Debunking myths about terrorism through scientific research

Debunking myths about terrorism through scientific research

SINGAPORE - In Minnesota, a disturbing 40-minute propaganda video recording urges young Somalian Americans residing in the state to join rebels fighting in Somalia.

Dahir Gure, an American Somalian now a rebel fighter in Somalia, said in the video with a toothy grin: "This is the real Disneyland. You need to join us." The recording by terrorist group Al-Shabaab was briefly shown on YouTube before it was removed for its violent content.

Subsequently, Al-Shabaab sent out a tweet saying it would document the journey of its Minnesota "martyrs".

In the past, terrorist groups used websites and chatrooms to reach their target groups. With the growth of space on social media, including Twitter, blogs and YouTube, such groups are now using these avenues to reach, radicalise and recruit new members.

Terrorist groups combine the online space with their existing offline recruitment methods to lure fighters to their violent causes.

At The Hague in the Netherlands, Moroccan and Turkish recruiters distribute on the streets an A4-sized paper with details on how to slip through Customs and immigration loopholes in Europe and join the rebels fighting Syrian President Bashar al- Assad. Among those who bought the idea were members of a Dutch football team who traded their football boots for war gear in Syria.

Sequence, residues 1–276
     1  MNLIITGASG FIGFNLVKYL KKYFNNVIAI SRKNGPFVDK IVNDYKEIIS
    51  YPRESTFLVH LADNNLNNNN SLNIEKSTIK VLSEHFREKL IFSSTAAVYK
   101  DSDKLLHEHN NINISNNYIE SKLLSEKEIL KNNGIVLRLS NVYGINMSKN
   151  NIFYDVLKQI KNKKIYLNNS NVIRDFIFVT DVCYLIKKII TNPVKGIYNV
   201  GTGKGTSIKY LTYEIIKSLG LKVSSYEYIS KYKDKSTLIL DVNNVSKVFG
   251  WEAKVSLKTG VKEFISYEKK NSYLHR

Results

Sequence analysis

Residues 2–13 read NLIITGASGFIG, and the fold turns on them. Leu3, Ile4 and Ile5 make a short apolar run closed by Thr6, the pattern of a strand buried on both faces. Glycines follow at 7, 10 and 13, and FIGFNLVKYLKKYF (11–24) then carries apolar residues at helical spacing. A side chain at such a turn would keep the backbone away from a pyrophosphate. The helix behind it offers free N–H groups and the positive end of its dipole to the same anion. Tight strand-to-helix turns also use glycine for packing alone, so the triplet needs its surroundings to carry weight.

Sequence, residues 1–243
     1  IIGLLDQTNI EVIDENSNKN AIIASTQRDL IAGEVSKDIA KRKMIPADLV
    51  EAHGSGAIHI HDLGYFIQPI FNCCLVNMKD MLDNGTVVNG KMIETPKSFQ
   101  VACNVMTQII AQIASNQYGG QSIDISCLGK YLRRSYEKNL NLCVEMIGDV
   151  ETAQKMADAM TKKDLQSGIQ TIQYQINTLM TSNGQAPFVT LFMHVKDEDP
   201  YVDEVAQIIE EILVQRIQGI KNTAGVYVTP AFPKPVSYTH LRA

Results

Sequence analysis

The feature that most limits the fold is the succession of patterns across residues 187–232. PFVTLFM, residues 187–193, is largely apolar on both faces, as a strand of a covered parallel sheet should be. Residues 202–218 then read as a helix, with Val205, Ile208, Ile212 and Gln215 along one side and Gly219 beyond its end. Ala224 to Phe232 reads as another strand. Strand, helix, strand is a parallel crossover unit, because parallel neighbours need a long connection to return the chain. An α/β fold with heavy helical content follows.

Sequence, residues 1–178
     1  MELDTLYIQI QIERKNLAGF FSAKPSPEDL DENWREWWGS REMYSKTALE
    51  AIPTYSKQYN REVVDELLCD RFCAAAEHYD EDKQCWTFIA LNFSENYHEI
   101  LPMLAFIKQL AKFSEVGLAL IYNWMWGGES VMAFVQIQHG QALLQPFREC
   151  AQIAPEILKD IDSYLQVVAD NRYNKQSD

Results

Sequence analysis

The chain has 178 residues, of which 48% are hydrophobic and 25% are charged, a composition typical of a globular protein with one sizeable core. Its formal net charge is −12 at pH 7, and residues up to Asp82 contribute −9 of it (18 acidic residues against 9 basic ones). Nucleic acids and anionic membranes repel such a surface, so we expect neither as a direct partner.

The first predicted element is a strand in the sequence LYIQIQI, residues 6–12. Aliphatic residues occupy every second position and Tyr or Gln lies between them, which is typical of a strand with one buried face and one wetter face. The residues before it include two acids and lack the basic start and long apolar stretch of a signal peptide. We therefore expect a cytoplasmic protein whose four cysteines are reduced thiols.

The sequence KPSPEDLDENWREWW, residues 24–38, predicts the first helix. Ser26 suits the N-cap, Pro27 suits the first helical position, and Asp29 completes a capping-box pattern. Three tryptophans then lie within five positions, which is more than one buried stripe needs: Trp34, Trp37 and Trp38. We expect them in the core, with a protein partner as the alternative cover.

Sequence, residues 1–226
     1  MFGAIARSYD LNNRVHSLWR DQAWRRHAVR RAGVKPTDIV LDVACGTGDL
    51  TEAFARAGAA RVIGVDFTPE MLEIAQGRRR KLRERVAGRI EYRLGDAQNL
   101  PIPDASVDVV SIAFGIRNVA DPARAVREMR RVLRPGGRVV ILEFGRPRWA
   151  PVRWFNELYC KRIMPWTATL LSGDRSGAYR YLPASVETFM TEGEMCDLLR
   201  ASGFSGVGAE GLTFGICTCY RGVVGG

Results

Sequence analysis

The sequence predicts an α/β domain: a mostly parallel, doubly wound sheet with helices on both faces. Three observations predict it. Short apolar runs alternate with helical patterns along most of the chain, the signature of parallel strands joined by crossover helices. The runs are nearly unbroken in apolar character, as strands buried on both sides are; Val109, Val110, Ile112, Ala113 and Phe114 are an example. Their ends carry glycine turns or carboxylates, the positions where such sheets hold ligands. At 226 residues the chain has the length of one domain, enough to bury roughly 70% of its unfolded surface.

To better understand these evolving threats, research on terrorism needs to move away from stereotypical analysis of terrorists, said overseas and local security experts who spoke to The Straits Times last week at a security conference.

Research efforts also need to be evidence-based, have academic rigour and involve experts from other disciplines such as psychology, they said.

Researchers need to ask what makes people gravitate towards terrorism. New research is showing that not all radicals and extremists join a terrorist outfit solely for ideological reasons. Not all who become radicalised end up as terrorists or suicide bombers.

Meanwhile, a complex set of reasons are responsible for turning someone into a lone wolf or a suicide bomber, said the experts.

Their interviews with terrorists show that not all who become terrorists remain committed to the cause and, at some point, their extremist fervour may wane - an insight that allows for security agencies to potentially "turn them around".

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